What is Formosa Oolong?
Formosa oolongs are a signature range of Taiwanese teas – with a Portuguese name. This is hardly an anomaly, though. ‘Formosa,’ meaning ‘beautiful,’ was what Portuguese explorers named the island of Taiwan in the 16th century. Here, misty mountains lined with tea gardens churn out some of the most popular teas on the market today, oolongs accounting for over 90% of the total yield. Formosa oolongs are harvested both in spring and in winter and undergo minimal to moderate fermentation finished with slow roasting.
Formosa Oolong varieties
Varying levels of oxidation (ranging between 10% and 30%) lead to various types of Formosa oolongs. Pouchong (Bao Zhong) is the lightest and “greenest” of them all, while Taiwanese Oriental Beauty (Bai Hao) represents the other end of the oxidation spectrum. Other well-loved varieties include High Mountain Oolong (Gao Shan) and Milk Oolong (Jin Xuan).
What does Formosa Oolong taste like?
Formosa oolongs are fragrant and complex, with a range of leafy, floral, and fruity notes. Most dry leaves have a “green fragrance.” They make “amber-colored,” “smooth textured” infusions, with a “subtle earthy taste,” and a “lingering sweetness” that gets further enhanced with every steep. Depending on the type of Formosa oolong you’re drinking, you can expect “toasty,” “raisin-y” or “woodsy” notes. Spring harvested versions are “creamy” in texture and have floral notes, while winter oolongs are “light and aromatic” with a thicker, “mulcher” mouth feel. Being easy to prepare and “sweet enough to be perfectly enjoyable without sugar,” Formosa oolongs generally work well as everyday teas in hot and cold versions.
How to properly make Formosa Oolong?
There’s isn’t a single recipe you can follow for all Formosa oolongs, and there definitely isn’t a single flavor profile that you can expect from all of them. From well-oxidized Oriental Beauty to creamy and rounded Milk Oolong to greener Pouchong, Taiwanese oolongs are a world in themselves. Following the specific instructions accompanying your batch of tea is the best way to sample a given Taiwanese oolong. Generally speaking, most Formosa oolongs should be steeped in filtered water that is just below boiling point. 190-200°F is a good thumb rule. To get the best aroma and flavor, it’s best to remove the tea leaves after 2-3 minutes of steeping.
High-quality Formosa oolong leaves can be identified visually. Upon unfurling in hot water, they should take the shape of a stem with a tripe leaf cluster. You should typically be able to get multiple infusions from a good quality oolong.
Where to buy the best Formosa Oolong online?
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Pouchong, also known as Baozhong, is a very green oolong tea hailing from Taiwan. Pouchong is the most lightly oxidized of all oolongs - just 8-10%. This creates a beautiful balance of green tea freshness and heavenly floral notes found in darker oolongs. In Taiwan, pouchong tea is all about the aroma. In the cup, you'll find a buttery sweet and uplifting floral aroma that lingers on the palate long after your last sip. Our fine quality Pouchong displays a soft, succulent texture and a clean, refreshing finish.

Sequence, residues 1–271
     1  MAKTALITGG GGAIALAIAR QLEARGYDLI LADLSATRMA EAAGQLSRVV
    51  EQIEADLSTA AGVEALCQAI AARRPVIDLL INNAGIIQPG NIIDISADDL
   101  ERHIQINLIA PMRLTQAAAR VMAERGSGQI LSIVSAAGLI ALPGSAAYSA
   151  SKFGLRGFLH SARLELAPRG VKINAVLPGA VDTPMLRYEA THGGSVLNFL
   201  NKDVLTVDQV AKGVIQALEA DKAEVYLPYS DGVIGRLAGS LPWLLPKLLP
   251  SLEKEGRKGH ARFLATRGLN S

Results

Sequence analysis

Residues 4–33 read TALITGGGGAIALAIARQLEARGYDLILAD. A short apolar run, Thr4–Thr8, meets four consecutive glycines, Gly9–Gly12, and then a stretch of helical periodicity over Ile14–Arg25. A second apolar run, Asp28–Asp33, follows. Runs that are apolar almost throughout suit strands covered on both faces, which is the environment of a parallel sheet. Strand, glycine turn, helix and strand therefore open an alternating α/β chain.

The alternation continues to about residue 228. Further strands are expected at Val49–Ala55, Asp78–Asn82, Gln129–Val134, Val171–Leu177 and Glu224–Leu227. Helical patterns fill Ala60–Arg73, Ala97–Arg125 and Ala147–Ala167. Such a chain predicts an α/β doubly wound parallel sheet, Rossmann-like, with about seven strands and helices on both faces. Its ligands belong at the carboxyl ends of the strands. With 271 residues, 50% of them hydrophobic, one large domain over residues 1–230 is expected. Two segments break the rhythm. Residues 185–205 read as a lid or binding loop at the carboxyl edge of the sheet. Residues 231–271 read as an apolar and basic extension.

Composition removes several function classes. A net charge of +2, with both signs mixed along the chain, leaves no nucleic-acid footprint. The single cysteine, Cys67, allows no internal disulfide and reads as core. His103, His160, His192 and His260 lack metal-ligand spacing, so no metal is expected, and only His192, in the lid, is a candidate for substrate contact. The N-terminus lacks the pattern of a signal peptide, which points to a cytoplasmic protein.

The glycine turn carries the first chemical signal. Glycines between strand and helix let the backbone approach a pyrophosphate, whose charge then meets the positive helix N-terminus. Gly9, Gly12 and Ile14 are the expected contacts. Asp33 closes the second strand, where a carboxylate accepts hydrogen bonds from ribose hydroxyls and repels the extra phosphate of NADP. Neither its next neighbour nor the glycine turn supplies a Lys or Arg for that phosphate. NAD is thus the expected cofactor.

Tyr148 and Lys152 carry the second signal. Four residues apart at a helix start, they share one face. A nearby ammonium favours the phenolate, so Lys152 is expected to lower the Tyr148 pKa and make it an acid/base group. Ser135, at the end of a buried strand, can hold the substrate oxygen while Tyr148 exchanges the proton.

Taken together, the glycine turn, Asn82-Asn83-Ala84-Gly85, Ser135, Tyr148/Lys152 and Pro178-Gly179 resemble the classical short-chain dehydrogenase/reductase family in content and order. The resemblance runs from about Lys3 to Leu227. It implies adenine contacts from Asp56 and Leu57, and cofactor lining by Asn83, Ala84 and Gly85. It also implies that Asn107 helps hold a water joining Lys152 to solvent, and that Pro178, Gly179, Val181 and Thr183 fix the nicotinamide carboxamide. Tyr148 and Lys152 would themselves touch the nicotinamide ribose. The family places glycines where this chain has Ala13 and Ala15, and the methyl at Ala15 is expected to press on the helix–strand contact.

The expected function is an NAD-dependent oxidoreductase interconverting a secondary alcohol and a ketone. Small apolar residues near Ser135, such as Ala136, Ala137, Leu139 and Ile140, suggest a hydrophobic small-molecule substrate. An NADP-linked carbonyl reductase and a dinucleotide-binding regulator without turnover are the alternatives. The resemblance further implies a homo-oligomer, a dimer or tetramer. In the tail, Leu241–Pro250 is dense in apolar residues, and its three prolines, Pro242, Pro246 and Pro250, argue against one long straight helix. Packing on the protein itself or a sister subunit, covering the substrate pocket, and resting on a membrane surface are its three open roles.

Milk Oolong is a relatively new cultivar in the delicious world of Taiwanese teas and is prized for its inherent cream and butter notes. Lower quality versions have these notes enhanced through aromatization but the finest, true Milk Oolongs offer lightly roasted, rolled leaves that yield a light-bodied cup with sweet buttery texture and delicate floral aroma. Also called Jin Xuan or Golden Lily, it is ideal for multiple infusions and a dedicated Yixing teapot.
Superfine Taiwan Qing Xiang Dong Ding Oolong Tea
Sweet, floral and fruity. In Taiwan Oolong Tea, Dong Ding Oolong Tea is an excellent kind highly praised by tea lovers all over the world. Dong Ding Oolong Tea is named after its production place, Dongding Mountain, Nantou. This Dong Ding Qing Xiang Oolong Tea is made of the tea leaves from Qing Xin Oolong tea tree. This tea has thick and soft leaf, refreshing tea liquid, with osmanthus scent. Meanwhile it has strong sweet aftertaste, which makes High Mountain tea more excellent.
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Isabelle is a freelance writer, self-taught tea nerd, and tea blending enthusiast. She is a herbalist with a strong interest in Ayurveda. Each year Isabelle travels extensively, returning with tea samples from around the world. She is a big fan of handmade teaware and Japanese green teas.